14. At this point create a L shape with ground wires protruding out, and signal wires straight.

15. Trace your wires to make sure you are starting from the red side of the circuit. Place the wires on top of the solder points of the red circuit.

16. With your solder gun melt the existing solder points, and secure the connections to the points.

17.Take your white wire, and the ground wire from the 1200. Twist the ground wire from the 1200, and the ground wire from the white RCA together. (Before doing this I suggest tying the extra ground cable together with a zip tie). This will ground the ground wire to the ground of the white signal.

18. Repeating the steps from the red circuit, solder the wires onto the circuit board.

19. Your finish product should look like this.

20. Secure the wiring with another zip tie, and re install items in reverse order. Before installing all the screws to the backing, make sure you plug in your turntable, and check for proper operation through your interface. (ie. Checking Serato check ground ring on settings). If the settings pass then finish installing remainder of screws on molding.

There you go! Now all you gotta do is just hook up the RCA cables to the interface hardware, and your set! No more trying to get that ground cable to the mixer! One less step to setting up, and less wires!

If for some reason you are not getting a good ground or audio output, then there may be a couple issues. This can be due to a signal wire and ground wire crossing somewhere (double check your work). If your work checks out, then there may be an issue with the circuit board, or a grounding issue located deeper into the turntable.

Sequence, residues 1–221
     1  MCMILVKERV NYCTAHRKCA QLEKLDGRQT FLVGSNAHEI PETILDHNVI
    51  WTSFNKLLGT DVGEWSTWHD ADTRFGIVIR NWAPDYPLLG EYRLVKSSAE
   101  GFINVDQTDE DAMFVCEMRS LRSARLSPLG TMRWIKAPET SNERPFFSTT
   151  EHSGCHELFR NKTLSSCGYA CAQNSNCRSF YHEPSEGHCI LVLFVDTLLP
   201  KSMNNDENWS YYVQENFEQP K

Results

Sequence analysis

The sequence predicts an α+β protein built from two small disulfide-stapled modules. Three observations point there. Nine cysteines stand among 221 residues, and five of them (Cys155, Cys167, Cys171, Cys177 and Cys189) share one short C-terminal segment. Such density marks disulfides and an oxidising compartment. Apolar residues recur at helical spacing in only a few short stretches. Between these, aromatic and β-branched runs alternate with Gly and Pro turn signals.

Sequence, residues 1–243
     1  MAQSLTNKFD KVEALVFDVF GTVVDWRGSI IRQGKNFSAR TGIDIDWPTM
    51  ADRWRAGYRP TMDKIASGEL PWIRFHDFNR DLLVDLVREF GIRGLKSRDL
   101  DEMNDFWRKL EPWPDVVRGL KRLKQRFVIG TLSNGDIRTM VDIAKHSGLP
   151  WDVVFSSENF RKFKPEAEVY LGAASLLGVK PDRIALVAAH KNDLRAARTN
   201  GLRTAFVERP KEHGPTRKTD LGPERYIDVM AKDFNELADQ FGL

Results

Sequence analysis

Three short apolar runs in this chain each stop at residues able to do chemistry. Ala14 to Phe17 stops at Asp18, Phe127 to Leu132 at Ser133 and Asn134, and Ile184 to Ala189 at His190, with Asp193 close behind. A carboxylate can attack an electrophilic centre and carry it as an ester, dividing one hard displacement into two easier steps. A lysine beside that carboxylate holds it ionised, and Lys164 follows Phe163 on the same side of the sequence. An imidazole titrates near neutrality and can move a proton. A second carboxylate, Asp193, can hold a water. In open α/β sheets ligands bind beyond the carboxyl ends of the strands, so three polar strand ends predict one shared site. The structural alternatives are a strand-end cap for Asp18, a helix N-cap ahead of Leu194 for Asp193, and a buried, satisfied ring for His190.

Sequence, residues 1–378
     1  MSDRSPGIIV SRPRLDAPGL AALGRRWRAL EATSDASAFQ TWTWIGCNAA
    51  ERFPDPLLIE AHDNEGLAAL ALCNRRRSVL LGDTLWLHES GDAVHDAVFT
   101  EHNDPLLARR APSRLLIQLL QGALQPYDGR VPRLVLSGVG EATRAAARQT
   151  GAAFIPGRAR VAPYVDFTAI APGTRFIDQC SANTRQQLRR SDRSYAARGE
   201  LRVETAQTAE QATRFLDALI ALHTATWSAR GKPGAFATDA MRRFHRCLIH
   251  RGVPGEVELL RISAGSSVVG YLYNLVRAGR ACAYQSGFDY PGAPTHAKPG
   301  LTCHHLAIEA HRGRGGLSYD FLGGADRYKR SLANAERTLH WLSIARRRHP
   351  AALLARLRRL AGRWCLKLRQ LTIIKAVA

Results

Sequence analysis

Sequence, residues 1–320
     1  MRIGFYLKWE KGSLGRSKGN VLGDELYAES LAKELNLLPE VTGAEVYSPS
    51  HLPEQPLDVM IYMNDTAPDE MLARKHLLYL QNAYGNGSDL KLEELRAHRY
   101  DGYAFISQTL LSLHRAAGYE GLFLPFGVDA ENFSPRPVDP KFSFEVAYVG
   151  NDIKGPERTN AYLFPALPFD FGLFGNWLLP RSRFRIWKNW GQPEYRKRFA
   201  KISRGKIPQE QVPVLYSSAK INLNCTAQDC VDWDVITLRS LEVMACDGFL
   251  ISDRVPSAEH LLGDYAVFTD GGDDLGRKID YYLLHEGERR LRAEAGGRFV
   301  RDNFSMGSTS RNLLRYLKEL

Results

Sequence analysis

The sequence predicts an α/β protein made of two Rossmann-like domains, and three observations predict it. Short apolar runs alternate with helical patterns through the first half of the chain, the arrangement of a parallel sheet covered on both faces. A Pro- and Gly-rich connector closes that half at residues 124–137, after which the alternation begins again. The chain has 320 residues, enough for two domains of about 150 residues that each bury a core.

Now get back to dj’in! Make sure to visit my web-portal at www.MarkyG.me , Follow me on Twitter & Instagram @DjMarkyG , and give me a like on my fb page here!

-Mark Gonzales
(Dj Marky G)
(x1Shy)

8 comments
      1. Randy

        The reason is technical.

        All “grounds” are not the same. In this manual, you are tying the ground for the audio circuitry to the chassis ground.

        When we measure voltage we measure it in reference to ground, meaning that 5 volts is 5 volts when compared to ground. When you tie these grounds together it is possible (and likely) you have changed the ground. Now instead of 5 volts you get 4.8 volts (or whatever) because you have changed the difference of potential by creating a common ground. Now all of the audio circuitry is behaving in a different manner.

        The reason the ground wire exists at all is because we WANT to tie CERTAIN grounds together to create a common reference point. When you connect the ground wire to your amplifier/preamplifier/mixer/whatever we can be sure that the audio circuitry is working from a common reference point.

      1. Stephan

        Ah ok now I see because in later steps I don’t see the connection of the earth wire to the ground terminal anymore. Did you try to connect the earth wire to both ground terminals?

        1. DjMarkyG

          On step 17 I put the ground wire with the white RCA ground. This is all the ground the turn table needs. If you need better instructions please watch the videos to visually see what I did.